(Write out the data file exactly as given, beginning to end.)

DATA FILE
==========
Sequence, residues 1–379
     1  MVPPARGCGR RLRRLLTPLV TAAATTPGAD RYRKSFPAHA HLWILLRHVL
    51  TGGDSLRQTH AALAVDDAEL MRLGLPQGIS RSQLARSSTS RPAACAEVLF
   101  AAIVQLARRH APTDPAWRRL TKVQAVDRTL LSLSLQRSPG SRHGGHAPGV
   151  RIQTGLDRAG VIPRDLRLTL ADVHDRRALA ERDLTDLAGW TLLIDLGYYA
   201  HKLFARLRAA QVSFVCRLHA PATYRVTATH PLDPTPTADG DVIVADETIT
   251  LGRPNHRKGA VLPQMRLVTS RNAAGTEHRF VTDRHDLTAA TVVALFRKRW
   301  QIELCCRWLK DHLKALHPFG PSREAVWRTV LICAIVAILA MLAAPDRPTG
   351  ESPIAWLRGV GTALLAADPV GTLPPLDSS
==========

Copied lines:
Sequence, residues 1–379
     1  MVPPARGCGR RLRRLLTPLV TAAATTPGAD RYRKSFPAHA HLWILLRHVL
    51  TGGDSLRQTH AALAVDDAEL MRLGLPQGIS RSQLARSSTS RPAACAEVLF
   101  AAIVQLARRH APTDPAWRRL TKVQAVDRTL LSLSLQRSPG SRHGGHAPGV
   151  RIQTGLDRAG VIPRDLRLTL ADVHDRRALA ERDLTDLAGW TLLIDLGYYA
   201  HKLFARLRAA QVSFVCRLHA PATYRVTATH PLDPTPTADG DVIVADETIT
   251  LGRPNHRKGA VLPQMRLVTS RNAAGTEHRF VTDRHDLTAA TVVALFRKRW
   301  QIELCCRWLK DHLKALHPFG PSREAVWRTV LICAIVAILA MLAAPDRPTG
   351  ESPIAWLRGV GTALLAADPV GTLPPLDSS